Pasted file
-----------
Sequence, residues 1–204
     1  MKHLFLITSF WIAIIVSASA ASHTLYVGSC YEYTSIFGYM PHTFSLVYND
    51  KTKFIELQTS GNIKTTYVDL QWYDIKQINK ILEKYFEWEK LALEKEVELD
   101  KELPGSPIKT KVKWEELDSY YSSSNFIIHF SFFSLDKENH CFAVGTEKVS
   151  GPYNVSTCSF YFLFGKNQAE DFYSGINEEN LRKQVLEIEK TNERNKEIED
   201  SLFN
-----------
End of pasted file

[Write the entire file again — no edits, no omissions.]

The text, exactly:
Sequence, residues 1–204
     1  MKHLFLITSF WIAIIVSASA ASHTLYVGSC YEYTSIFGYM PHTFSLVYND
    51  KTKFIELQTS GNIKTTYVDL QWYDIKQINK ILEKYFEWEK LALEKEVELD
   101  KELPGSPIKT KVKWEELDSY YSSSNFIIHF SFFSLDKENH CFAVGTEKVS
   151  GPYNVSTCSF YFLFGKNQAE DFYSGINEEN LRKQVLEIEK TNERNKEIED
   201  SLFN